Will the Ayatollah Khameini do to President Obama what the Ayatollah Khoumeini did to President Carter?

From The New York Times:


Iran Face-Off Testing Obama the Candidate


By Mark Landler, Published: January 16, 2012

WASHINGTON — The escalating American confrontation with Iran poses a major new political threat to President Obama as he heads into his campaign for re-election, presenting him with choices that could harm either the economic recovery or his image as a firm leader.

Well, no worries there: the President doesn't have an “image as a firm leader” to protect.

Sanctions against Iran’s oil exports that the president signed into law on New Year’s Eve started a fateful clock ticking. In late June, when the campaign is in full swing, Mr. Obama will have to decide whether to take action against countries, including some staunch allies, if they continue to buy Iranian oil through its central bank.

The legislation contains some “escape hatches” the President could use to avoid imposing the sanctions called for in the law, exemptions for which the Administration lobbied, but if he uses them, the Republican presidential nominee will hammer him hard on being soft on Iran. Given that the most likely Republican nominee, former Governor Mitt Romney (R-MA), has said, specifically, that if President Obama is re-elected, Iran will gain nuclear weapons, and that if Mr Romney is elected, Iran will not get them, and that he was willing to use military force if other options failed, such would present a very stark contrast between the candidates. Given the existential threat a nuclear-armed Iran would pose to Israel, and President Obama's already shaky status among American Jews,1 Jewish voters might desert the President in droves.

Few inside the administration see a surefire way of preventing Iran from crossing the nuclear weapons threshold, though none are ready to discuss moving to a focus on containing a nuclear Iran.

The administration is deeply reluctant to us

e military action, and the United States strenuously denied involvement in the recent killing of an Iranian nuclear scientist. Instead, it has focused mainly on using economic pressure to make Iran pay a high price for expanding its nuclear efforts despite international sanctions.

That is correct: if the military option is taken off the table, then there is no “surefire way of preventing Iran from crossing the nuclear weapons threshold.”2 It is no surprise that no one in the Administration is willing to discuss containing a nuclear-armed Iran; that would be seen as a political sign that the President is willing to accept such a thing. However, if the Administration is willing to send signals that a Times reporter can describe as “deeply reluctant to use military action,” then Iran almost certainly perceives that the military option already has been taken off the table.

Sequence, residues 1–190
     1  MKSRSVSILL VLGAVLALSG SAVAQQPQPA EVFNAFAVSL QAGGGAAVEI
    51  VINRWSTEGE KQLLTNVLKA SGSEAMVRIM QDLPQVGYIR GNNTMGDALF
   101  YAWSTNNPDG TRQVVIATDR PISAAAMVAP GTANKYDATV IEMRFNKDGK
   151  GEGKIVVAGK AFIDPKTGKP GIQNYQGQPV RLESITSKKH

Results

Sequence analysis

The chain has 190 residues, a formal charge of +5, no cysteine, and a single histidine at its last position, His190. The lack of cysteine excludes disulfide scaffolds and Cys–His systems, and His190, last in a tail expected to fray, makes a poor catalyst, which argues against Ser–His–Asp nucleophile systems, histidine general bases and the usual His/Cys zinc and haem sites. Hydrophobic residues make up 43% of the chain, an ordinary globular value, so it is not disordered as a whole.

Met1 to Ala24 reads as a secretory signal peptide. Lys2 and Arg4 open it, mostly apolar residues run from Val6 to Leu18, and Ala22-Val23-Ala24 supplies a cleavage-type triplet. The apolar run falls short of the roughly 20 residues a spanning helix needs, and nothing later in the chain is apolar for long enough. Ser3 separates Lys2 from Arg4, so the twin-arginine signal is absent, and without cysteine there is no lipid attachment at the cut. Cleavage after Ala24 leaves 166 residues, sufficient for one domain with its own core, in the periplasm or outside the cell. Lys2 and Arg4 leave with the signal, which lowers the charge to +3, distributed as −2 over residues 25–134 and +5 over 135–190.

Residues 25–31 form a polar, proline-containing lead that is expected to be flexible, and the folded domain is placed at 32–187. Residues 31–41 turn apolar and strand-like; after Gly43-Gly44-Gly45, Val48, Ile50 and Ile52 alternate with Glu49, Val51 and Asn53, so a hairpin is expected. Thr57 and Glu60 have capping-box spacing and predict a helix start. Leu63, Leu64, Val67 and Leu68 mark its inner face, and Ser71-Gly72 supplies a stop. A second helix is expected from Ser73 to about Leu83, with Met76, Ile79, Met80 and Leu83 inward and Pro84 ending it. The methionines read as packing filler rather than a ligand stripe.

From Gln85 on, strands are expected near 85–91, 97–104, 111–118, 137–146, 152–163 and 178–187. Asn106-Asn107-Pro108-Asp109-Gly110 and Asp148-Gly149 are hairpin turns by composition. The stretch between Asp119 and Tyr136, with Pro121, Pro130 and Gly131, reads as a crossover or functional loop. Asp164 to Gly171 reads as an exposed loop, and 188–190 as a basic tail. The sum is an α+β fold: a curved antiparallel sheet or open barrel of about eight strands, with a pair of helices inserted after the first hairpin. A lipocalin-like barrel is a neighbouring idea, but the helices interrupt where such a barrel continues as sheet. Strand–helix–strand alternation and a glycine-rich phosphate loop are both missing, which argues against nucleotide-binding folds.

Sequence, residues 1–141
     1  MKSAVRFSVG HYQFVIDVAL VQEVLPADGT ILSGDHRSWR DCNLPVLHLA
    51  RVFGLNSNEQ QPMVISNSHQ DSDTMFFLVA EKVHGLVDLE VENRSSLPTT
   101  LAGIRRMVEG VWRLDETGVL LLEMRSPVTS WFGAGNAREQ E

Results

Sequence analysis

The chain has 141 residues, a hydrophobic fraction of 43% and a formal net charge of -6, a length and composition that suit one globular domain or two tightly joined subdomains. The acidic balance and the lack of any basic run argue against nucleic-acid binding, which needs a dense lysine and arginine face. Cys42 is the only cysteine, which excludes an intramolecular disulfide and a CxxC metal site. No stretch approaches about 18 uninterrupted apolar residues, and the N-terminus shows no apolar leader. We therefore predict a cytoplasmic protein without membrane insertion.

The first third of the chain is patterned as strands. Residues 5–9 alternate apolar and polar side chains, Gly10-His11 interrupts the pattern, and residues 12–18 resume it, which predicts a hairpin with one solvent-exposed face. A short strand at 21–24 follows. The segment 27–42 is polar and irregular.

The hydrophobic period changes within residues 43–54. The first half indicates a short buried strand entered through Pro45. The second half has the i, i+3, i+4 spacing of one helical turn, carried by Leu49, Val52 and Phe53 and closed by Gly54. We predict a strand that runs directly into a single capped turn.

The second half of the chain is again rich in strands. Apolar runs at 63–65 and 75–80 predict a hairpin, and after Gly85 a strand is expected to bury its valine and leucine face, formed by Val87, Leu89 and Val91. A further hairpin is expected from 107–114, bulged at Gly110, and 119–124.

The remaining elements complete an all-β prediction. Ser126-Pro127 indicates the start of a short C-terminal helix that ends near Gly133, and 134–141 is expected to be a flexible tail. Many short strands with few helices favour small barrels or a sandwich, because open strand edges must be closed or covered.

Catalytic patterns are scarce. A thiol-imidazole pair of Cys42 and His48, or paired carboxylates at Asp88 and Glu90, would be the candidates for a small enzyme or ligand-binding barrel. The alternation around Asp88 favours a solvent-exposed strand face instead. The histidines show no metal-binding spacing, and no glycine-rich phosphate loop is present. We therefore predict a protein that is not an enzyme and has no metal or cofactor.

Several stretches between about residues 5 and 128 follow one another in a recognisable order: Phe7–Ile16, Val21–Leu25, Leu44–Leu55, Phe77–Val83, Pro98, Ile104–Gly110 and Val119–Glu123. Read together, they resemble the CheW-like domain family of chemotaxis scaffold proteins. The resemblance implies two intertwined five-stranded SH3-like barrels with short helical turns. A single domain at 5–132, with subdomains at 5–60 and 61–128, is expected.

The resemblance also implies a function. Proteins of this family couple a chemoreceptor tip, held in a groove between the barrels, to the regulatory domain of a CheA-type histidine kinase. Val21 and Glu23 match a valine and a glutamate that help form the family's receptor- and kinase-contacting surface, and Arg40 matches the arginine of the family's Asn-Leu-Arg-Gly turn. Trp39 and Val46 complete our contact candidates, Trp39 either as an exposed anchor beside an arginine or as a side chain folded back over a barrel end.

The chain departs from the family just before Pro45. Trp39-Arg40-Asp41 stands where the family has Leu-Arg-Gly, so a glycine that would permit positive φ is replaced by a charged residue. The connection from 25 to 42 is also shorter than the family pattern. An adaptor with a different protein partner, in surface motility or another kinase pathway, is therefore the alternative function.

Add to this the Iranian threats to close the Strait of Hormuz, through which about a sixth of world crude oil shipments pass. That threat alone, not yet actually carried out, has caused crude oil prices to jump, and the Administration's response to a threatened attack on the entire Western world's economy has been only to say that the United States Navy could destroy Iran's capability to maintain such a closure; not a single word has escaped anyone's lips that such a closure would justify a response which destroyed the Iranian government. Whether a different message has been communicated to the Ayatollah Ali Khameini or President Mahmoud Ahmadinejad is unknown.

Iran has already cost one Democratic American President his job, and the Iranians didn't see anything particularly worse happening to them by replacing the milquetoast President Carter with the tougher-talking President Reagan; there is no particular reason to believe that the Iranians would prefer to not help defeat President Obama just to keep one of his Republican opponents out of the White House.
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